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Amazon, Walmart and Western Union BitLicense Comments Revealed

(@pete_rizzo_) | Published on December 3, 2014 at 20:02 BST

The New York State Department of Financial Services (NYDFS) has today made public over 3,700 comments it received regarding its BitLicense proposal. The move provides new insight into the organisations and individuals that have taken an interest in the proposed regulation.

Perhaps most notably, the full release included submissions from some of the largest businesses in the US, including e-commerce giant Amazon, retail juggernaut Walmart and global remittance specialist Western Union.

The filings suggest that the BitLicense is being interpreted broadly by the legal representatives of these companies, and that greater clarity is needed by the NYDFS to indicate the entities and financial products covered under the measure.

For example, Amazon and Walmart's filings took aim at what they consider the "broad definition of virtual currency" to which the proposed regulation would apply in current form.

Amazon suggested the wording could be read as applicable to some of its own products, particularly closed-loop digital payment methods, prepaid value cards and prepaid cards denominated in fiat currency. Similarly, Walmart advocated for the addition of phrasing that would clearly exempt gift cards.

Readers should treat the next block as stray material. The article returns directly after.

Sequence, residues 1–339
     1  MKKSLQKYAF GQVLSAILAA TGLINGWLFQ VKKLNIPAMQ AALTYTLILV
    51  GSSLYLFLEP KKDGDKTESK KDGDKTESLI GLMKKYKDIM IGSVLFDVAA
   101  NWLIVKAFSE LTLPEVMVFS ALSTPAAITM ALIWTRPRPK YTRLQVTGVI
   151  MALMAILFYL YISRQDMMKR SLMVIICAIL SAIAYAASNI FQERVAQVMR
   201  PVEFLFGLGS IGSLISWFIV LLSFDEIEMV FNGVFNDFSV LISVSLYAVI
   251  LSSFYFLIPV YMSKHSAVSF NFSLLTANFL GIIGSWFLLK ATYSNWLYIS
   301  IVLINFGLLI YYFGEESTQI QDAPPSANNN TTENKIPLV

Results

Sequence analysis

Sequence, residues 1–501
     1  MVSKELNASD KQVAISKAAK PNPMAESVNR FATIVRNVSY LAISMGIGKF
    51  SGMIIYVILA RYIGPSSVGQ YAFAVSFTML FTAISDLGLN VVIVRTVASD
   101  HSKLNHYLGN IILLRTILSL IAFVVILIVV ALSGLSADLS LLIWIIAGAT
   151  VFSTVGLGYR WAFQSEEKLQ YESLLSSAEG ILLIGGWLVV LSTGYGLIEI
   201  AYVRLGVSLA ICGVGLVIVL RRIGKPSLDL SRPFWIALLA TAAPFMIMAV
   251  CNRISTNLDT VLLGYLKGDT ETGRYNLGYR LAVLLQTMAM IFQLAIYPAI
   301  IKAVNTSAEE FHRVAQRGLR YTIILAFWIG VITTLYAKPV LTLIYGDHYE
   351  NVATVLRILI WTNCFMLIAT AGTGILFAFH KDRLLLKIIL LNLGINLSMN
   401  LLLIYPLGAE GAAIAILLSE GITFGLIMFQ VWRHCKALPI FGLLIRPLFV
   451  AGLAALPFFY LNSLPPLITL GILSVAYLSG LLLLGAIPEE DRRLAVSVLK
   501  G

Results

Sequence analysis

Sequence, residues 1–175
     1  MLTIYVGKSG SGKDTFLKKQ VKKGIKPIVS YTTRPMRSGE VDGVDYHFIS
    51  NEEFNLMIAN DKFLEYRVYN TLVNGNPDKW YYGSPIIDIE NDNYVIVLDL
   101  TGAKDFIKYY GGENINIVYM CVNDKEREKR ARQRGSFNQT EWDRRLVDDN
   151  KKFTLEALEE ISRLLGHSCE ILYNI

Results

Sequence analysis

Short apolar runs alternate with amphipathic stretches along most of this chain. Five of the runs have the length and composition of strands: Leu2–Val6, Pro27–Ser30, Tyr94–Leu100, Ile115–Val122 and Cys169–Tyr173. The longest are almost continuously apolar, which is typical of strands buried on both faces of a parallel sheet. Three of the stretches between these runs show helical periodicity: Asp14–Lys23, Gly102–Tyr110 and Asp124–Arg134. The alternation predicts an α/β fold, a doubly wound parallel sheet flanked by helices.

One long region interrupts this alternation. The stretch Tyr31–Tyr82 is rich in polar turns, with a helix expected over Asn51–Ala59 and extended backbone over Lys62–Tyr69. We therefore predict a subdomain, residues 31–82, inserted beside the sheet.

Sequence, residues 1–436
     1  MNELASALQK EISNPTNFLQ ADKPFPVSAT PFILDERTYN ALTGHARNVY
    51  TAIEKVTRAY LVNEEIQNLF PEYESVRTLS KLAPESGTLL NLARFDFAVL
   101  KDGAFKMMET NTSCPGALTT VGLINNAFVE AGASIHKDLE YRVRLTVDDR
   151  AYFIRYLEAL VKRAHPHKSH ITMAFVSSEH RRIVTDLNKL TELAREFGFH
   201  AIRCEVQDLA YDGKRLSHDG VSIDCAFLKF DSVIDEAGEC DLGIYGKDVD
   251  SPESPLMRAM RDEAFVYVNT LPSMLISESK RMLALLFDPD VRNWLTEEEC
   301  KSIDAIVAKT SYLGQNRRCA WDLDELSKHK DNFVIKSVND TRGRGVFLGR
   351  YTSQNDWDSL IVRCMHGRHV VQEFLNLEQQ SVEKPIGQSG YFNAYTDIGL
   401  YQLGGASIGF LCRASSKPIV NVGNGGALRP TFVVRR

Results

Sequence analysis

Clarity and oversight

By comparison, Western Union submitted a much lengthier comment on the proposal, arguing that more oversight should be given to bitcoin ATM kiosks, and that more clarity should be added to the document to specify what indirect financial activities would be considered as supportive of virtual currency transmission.

"It is unclear whether operators of kiosks would be required to be separately licensed as a VC licensee, or whether any oversight or other requirements would be imposed on the physical locations that host kiosks or on the operations of the kiosks themselves," the filing reads.

Further, Western Union expressed its interest that businesses that fall under the BitLicense be made to comply with all existing anti-money laundering (AML) requirements in addition to any new measures necessary given the risks associated with virtual currency transmission.

"Western Union believes that the NYDFS' additional AML requirements for virtual currency transactions should mirror current federal AML requirements for fiat currency transactions," the filing reads. "This approach would permit VC Licensees to draw upon existing federal regulatory guidance and the knowledge of AML compliance personnel for purposes of determining how to comply with such requirements, where applicable."

The release follows superintendent Benjamin M Lawsky's November keynote address at the Money2020 conference in Las Vegas, and the many formal comments previously published in full by companies in the bitcoin space.

CoinDesk has reached out for additional comment on the filings.

Amazon image via Shutterstock

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